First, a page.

(3) If the claimant applies for an order to extend the time for compliance after the end of the period specified by rule 7.5 or by an order made under this rule, the court may make such an order only if –

(a) the court has failed to serve the claim form; or

(b) the claimant has taken all reasonable steps to comply with rule 7.5 but has been unable to do so; and

(c) in either case, the claimant has acted promptly in making the application.

(4) An application for an order extending the time for compliance with rule 7.5 –

(a) must be supported by evidence; and

(b) may be made without notice.”

THE CLAIMANT HAD NOT TAKEN ALL REASONABLE STEPS: NOR HAD IT ACTED PROMPTLY

As the application was made out of time for compliance with r7.5 then the extension could be granted only if the conditions at r7.5(3)(a) or (b) are satisfied and the application has been made promptly.

The court found that the claimant had not taken all reasonable steps to comply with the rule as he had not even attempted to serve the claim form at the London address within the time allowed or make enquiries as to which address service should be effected at.

“25. … In circumstances where the claimant has actually given an address within the jurisdiction on the claim form and where simple enquiries would elicit whether he was or was not currently resident within the jurisdiction, but no such steps have been taken, the claimant is in my judgment unable to establish that it has taken all reasonable steps to comply with CPR 7.5 as required by 7.6(3)(b).”

Further, the court observed that, even if the claimant planned to serve the claim form out of the jurisdiction, the time it would take to validly serve the claim form through the appropriate channels in Switzerland would have taken the service outside of the six month period allowed in any event.

THE FINDINGS OF THE JUDGE

  • The fact that under CPR 7.5 service is valid if made within 4 or 6 months does not mean that a claimant may with impunity leave service to a late stage in the relevant period.
  • If the claimant had taken reasonably prompt steps to effect service on the first defendant even in Switzerland following the issue of the claim form, it is likely that it would have become apparent that the first defendant no longer resided in Switzerland, and that he in fact resided in London.

It was noted that the decision not to contact the defendant earlier appeared to have been a tactical one.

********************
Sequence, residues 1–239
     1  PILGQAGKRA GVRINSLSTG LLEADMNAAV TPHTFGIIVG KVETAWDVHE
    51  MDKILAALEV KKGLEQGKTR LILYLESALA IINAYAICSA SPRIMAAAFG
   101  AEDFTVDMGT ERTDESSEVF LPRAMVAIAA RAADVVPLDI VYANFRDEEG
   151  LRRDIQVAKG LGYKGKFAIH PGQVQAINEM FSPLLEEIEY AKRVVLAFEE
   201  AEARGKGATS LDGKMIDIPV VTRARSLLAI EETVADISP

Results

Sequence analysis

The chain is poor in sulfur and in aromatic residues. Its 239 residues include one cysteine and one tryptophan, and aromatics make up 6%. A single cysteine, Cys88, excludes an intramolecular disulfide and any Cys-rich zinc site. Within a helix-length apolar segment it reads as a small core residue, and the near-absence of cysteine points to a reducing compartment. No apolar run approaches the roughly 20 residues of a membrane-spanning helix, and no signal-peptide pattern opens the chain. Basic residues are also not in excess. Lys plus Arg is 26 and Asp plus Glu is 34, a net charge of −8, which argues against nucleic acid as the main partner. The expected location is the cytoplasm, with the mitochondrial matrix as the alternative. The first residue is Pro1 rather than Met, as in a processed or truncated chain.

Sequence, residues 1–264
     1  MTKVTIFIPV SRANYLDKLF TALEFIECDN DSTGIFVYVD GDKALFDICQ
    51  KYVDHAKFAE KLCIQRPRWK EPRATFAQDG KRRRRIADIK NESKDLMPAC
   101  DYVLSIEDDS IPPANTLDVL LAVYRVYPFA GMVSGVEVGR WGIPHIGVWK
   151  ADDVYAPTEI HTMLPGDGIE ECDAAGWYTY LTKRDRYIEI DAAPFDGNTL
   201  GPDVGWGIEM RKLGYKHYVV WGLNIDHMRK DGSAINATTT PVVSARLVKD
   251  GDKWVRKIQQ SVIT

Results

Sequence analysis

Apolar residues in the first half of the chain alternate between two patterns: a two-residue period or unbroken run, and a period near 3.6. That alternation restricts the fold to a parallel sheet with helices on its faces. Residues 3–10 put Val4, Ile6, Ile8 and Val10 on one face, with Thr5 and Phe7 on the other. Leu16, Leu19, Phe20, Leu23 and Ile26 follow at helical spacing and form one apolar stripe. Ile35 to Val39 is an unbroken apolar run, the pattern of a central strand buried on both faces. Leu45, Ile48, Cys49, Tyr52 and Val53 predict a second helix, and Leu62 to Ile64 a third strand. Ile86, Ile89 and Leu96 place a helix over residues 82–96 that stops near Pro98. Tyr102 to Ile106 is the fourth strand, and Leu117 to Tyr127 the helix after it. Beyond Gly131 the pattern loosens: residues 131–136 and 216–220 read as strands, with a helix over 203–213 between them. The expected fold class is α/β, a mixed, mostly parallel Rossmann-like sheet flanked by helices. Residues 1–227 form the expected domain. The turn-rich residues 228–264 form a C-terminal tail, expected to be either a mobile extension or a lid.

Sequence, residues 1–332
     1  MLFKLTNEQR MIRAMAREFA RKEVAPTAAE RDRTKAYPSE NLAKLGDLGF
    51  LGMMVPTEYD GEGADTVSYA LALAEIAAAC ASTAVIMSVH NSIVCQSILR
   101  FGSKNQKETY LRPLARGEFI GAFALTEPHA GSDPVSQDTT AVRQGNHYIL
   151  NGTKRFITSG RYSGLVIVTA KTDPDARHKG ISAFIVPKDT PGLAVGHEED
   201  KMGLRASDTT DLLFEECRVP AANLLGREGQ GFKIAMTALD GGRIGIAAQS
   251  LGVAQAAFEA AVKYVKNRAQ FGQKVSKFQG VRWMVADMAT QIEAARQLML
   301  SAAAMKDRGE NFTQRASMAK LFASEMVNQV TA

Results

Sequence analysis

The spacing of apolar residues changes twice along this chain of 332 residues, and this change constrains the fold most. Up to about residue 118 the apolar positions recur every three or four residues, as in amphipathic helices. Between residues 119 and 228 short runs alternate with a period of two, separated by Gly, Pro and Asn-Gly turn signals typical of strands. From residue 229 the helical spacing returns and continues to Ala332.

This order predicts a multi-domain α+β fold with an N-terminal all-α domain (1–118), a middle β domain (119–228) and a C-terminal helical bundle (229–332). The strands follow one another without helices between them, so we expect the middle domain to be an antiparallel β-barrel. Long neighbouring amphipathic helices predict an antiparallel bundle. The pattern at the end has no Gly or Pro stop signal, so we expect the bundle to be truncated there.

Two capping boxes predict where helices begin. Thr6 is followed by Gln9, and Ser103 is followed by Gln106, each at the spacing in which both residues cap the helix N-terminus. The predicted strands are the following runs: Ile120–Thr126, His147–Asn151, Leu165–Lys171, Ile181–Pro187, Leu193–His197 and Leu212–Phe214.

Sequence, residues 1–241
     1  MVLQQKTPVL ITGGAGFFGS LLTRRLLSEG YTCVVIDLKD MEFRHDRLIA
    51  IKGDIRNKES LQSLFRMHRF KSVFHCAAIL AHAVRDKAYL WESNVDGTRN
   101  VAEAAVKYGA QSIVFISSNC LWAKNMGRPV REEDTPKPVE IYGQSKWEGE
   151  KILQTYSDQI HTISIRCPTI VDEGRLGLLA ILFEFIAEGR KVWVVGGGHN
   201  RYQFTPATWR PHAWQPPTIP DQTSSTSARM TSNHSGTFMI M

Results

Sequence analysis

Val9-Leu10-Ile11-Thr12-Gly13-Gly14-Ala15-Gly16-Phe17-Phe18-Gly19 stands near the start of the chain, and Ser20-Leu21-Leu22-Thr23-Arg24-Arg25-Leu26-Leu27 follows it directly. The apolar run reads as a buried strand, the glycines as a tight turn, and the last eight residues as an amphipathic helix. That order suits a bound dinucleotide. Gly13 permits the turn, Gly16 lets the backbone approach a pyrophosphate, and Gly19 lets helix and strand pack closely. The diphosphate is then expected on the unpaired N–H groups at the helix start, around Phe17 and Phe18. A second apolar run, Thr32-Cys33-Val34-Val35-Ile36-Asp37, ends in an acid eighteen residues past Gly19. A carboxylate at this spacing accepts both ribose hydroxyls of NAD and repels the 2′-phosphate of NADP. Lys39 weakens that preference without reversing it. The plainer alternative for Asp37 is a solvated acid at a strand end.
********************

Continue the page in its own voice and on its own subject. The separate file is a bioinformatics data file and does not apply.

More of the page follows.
A WINDFALL FOR THE DEFENDANT? SO WHAT?

The claimant submitted that success for the first defendant would produce a windfall for him and reward the playing of technical games.

It was held that the defendant had acted promptly in engaging with the proceedings. The present situation had occurred only because the claimant took no steps to effect service of the proceedings on the first defendant for over five months.

“There is nothing technical about a defendant insisting on service of a claim form within the period for its validity set down in the Rules and resisting an extension of that time when it is not justified on the facts. It is as well to bear in mind the observation of May LJ in Vinos v Marks & Spencer [2001] 3 All ER 784 at [20] that:

There is nothing unjust in a system which says that, if you leave issuing proceedings to the last moment and then do not comply with this particular time requirement and do not satisfy the conditions in r 7.6(3), your claim is lost and a new claim will be statute barred.

 WAS THE DEFENDANT’S APPLICATION IN THE CORRECT FORM?

One curious aspect of this case is that the defendant is reported  as having applied for a “declaration that the purported service of a claim form …. was not valid”. Ordinarily a defendant making an application to challenge service can only make an application to dispute jurisdiction under Part 11. See Hoddinott –v- Persimmon Holdings and the discussion by the Court of Appeal in Power v Meloy Whittle Robinson Solicitors [2014] EWCA Civ 898 discussed in the previous blog post.

On the face of it any other application would involve acceptance of the jurisdiction.  It is not clear what the facts were that justified a different application, or whether this argument was raised at the hearing.

 SUMMARY

  • The scheme of CPR r7.5 is clear. Rule 7.5(1) applies to service within the jurisdiction. Rule 7.5(2) does not apply to service within the jurisdiction, whether or not the claim form could have been served within or out of the jurisdiction.
  • In order to obtain an extension of time for service, the claimant must have taken all reasonable steps to attempt to serve the claim form.
  • Where the claim form contains two addresses for service for the defendant, “taking all reasonable steps” includes attempting to contact the defendant at both addresses.
  • I would feel more comfortable advising a party challenging service to make an application under Part 11.

 
USEFUL POSTS ON SERVICE OF THE CLAIM FORM